‘I’ve avoided scandal and despised the privileged behaviour of others, conscious of my good fortune to have a job at 7.
‘I’ve been a lucky, loyal, bloody hard working and proud part of the network ecosystem.’
Court documents filed to support his claim include a reply to his email from Mr Stokes referring to Reeve as having ‘been made redundant’.
He claims this and a reply from McMillan saying he was ‘part of the DNA’ of Seven showed he was ‘treated as an employee of Seven by other officers and employees of Seven’.
However, a senior Seven source told Daily Mail Australia that Reeve selectively edited Mr Stokes’ email and removed the context.
‘Kerry told Simon he wasn’t aware he’d been made redundant. He couldn’t have been aware as Simon wasn’t made redundant. His contract expired,’ they said.
‘Simon was the one who told Kerry he’d been made redundant… Kerry took his word for it.’
Reeve has been on and off Channel Seven for the past 40 years. Above, he poses with longtime colleagues Mel Doyle and Kylie Gillies at a Seven Christmas party in 2007
The source said Reeve had been contracted through his company, Simon Reeve Productions, for three decades – at his own urging.
They claimed Reeve wanted to be an independent contractor via his company in an elaborate scheme to save on tax.
‘Simon Reeve Productions has been in business for a long time as an Independent Producer which also provided his personal services as well as trying to get various film projects up, with varying degrees of success,’ the source said.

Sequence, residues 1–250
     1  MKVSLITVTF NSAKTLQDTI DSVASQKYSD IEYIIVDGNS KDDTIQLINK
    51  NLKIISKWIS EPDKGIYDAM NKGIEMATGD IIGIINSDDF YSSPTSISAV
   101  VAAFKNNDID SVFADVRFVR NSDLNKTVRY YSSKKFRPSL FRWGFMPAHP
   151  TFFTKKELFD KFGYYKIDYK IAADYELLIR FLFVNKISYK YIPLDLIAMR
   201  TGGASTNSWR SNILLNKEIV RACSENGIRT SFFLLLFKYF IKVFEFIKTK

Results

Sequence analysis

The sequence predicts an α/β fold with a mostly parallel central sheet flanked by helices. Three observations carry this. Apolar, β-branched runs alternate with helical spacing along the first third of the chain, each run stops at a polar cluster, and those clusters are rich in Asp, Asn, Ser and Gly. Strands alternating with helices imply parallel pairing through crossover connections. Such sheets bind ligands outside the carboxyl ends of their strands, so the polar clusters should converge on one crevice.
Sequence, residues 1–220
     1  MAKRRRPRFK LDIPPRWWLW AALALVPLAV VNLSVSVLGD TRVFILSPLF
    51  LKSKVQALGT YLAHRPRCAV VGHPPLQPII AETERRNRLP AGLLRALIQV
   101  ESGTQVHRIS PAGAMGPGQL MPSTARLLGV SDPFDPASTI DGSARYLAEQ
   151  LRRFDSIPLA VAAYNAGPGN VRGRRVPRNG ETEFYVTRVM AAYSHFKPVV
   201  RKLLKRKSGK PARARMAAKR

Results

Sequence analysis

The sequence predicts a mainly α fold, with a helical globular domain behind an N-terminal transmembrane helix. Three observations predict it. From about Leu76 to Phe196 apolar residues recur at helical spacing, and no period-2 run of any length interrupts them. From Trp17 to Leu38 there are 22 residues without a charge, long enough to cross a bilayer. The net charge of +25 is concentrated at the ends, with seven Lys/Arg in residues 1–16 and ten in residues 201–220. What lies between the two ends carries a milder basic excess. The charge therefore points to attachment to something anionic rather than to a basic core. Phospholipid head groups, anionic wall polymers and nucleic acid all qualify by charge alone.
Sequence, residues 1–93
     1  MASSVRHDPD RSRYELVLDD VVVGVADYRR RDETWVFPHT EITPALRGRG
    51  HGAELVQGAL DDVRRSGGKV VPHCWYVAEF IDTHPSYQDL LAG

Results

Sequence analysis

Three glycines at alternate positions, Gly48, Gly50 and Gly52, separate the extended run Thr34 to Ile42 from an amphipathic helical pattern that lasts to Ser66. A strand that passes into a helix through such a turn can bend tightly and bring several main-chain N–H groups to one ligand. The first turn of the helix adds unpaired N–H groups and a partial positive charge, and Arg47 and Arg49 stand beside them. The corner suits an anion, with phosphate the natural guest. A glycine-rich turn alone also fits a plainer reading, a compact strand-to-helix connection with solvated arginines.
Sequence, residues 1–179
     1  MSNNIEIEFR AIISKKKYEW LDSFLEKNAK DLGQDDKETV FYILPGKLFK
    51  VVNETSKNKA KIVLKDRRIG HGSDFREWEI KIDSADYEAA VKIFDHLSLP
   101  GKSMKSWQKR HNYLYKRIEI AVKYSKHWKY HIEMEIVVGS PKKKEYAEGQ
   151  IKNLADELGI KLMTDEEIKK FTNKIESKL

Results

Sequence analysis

‘That’s not something employees can do which is presumably why he did it through Simon Reeve Productions.’
Reeve claims Seven breached his ‘ongoing contract’ and misrepresented his employment status by claiming he was an independent contractor.
He wants the contract between SRP and Seven declared in breach of the Fair Work Act ‘in that they falsely represented that Reeve was employed as independent contractor’.
However, the senior source said Seven’s contractor arrangement were in recent years audited to make sure they complied with the law.
Those that did not had to become employees and and have PAYE tax deducted.
The source also claimed Seven paid Reeve about $10,000 for a documentary about rhinos the network was yet to receive.
Simon Reeve’s rambling email
Dear Kerry and Bruce,
I just wanted to say thank you for the opportunities and wonderful times with the 7 network, since I commenced my second stint of employment back from living in Botswana in 2002.
From producing Undercover Angels, hosting Quizmaster, the incredible Bali bombing appeal, News presenting, Sunrise, Weekend Sunrise, It’s Academic for 9 years, The Force for 13 years, commentating at the Athens and Beijing Olympics, It Takes Two, Million Dollar Minute, the odd failed pilot and many memorable Telethons, there have been few dull moments.
Live television especially has a way of producing adrenaline like few other professions and I will never forget the visceral moment the surviving members of the Bali bombings from Kingsley Football club walked into the studio at TVW as I stood in front of a camera introducing them, with people standing and clapping thunderously, including the floor crew.
Simon Reeve is suing Seven, claiming it breached his ‘ongoing contract’ and misrepresented his employment status
I was near speechless with the emotion and haven’t had an experience in television like it, before or since.
It seemed the ultimate expression of our platform that day to convey something important and make a difference.